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One spring evening my sailor calls
from his solitary immersion
to invite me to his boat for the first time.
I pack, leaving my kitchen and book covered bed,
to walk empty streets to the bay.
Five blocks from home, I stand on a dock in the dark.
Water slapping hulls, lines tingling along masts,
until a rumble of oar steers him out of the shadows.
I feel my sailor’s arms in each certain stroke
maneuvering through a maze of shadow boats.
My town sparkles around us, sliver of coppery moon
curves above. Kerosene lantern hangs
from his boom, sails glow like folded wings,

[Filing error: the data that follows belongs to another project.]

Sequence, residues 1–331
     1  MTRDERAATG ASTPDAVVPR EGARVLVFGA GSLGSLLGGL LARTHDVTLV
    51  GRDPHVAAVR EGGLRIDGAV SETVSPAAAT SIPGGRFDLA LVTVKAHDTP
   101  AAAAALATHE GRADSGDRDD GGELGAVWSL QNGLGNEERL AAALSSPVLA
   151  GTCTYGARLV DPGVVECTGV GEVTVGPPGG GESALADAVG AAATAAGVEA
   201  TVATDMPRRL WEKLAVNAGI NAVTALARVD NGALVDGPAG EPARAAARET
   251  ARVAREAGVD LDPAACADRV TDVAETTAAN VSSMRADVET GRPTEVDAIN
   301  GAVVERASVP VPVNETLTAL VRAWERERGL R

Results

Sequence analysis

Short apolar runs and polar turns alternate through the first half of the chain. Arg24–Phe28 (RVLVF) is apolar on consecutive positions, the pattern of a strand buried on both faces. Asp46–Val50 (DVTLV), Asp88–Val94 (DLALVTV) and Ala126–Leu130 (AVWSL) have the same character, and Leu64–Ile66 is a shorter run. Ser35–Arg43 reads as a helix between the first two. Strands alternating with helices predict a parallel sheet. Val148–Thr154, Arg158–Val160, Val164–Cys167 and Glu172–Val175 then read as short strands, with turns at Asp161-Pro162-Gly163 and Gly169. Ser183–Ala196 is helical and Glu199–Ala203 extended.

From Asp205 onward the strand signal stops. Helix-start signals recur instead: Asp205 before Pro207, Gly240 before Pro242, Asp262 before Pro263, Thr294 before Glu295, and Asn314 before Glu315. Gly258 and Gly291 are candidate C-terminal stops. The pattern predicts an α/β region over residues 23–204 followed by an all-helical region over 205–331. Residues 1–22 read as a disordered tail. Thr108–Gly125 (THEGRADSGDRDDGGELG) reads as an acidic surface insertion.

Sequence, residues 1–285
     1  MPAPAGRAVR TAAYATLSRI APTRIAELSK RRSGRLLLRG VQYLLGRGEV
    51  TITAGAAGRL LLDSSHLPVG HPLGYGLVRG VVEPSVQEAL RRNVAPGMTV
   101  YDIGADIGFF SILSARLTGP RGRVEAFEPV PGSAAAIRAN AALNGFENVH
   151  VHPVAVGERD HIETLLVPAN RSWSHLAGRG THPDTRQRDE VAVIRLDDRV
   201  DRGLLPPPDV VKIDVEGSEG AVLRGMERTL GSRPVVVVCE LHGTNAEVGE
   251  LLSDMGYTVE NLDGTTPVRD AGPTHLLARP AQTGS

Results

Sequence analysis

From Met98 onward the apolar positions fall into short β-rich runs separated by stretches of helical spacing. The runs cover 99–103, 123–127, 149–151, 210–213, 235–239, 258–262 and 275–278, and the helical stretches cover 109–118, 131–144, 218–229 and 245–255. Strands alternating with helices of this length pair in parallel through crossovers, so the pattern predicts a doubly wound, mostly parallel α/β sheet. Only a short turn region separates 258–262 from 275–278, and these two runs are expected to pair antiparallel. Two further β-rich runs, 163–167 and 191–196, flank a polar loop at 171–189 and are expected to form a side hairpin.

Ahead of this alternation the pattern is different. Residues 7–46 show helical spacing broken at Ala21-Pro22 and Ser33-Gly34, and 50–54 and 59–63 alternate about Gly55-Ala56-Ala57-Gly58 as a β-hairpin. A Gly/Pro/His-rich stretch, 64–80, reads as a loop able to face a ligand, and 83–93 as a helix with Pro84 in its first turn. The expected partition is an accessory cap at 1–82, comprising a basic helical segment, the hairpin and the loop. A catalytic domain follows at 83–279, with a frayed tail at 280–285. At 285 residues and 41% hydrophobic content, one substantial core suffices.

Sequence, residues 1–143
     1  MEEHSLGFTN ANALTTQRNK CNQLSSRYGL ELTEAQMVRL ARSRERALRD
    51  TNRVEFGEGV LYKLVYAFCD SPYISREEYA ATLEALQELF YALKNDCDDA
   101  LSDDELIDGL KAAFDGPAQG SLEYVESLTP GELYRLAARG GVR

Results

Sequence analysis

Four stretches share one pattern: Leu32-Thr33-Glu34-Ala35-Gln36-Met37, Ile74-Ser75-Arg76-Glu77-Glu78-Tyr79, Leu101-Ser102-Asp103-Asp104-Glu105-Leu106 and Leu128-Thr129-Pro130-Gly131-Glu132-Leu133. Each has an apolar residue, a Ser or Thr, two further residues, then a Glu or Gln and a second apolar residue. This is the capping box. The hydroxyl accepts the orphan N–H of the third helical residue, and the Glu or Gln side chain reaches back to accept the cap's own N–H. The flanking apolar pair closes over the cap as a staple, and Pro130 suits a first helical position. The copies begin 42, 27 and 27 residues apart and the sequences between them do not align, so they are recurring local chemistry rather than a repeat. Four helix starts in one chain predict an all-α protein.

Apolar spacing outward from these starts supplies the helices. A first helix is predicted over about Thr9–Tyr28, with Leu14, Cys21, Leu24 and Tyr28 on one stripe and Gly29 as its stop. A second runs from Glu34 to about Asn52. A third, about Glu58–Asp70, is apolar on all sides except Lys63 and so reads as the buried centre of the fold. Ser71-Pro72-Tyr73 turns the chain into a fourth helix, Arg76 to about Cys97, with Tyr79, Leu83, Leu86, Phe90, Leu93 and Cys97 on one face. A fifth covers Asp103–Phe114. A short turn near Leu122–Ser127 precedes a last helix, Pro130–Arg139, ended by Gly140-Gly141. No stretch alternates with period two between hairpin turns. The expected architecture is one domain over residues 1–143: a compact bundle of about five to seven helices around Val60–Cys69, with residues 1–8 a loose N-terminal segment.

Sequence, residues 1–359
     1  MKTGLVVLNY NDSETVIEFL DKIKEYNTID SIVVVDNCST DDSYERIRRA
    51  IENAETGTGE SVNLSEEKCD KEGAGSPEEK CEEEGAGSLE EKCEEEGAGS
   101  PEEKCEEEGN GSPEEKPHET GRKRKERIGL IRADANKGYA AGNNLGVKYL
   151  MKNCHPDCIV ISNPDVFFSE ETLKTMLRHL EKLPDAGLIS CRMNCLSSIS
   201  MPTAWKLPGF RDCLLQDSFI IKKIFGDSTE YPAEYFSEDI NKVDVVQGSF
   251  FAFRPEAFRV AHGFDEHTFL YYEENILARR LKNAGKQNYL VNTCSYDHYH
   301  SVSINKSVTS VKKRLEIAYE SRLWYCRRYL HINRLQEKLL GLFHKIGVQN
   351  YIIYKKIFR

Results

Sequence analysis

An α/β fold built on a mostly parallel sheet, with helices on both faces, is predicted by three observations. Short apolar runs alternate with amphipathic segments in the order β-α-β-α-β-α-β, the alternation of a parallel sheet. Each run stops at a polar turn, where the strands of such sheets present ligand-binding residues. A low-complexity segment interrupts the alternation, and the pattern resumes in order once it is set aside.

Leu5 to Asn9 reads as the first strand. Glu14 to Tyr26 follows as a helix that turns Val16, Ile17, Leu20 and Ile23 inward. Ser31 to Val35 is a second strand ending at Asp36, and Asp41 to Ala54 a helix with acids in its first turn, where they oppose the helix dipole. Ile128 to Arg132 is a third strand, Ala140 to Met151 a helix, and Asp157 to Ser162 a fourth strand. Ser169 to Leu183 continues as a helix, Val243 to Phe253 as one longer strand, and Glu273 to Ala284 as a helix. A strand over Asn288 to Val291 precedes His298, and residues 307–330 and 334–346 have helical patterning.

a golden gull riding a black satin bay.
We are silent as I board his boat, entering a jewel
of mahogany, curving in lamplight. I slip into awe,
entering a fine crafted jewel box, descending
into the arms of red oak he bolted into place years before.
My sailor beams, giving me his work-roughened hands,
saying, “This is my life I want to share with you.”
I slip too easily into happiness, after his long absence.
My Sa i l o r ’ s Inv i t a t i on
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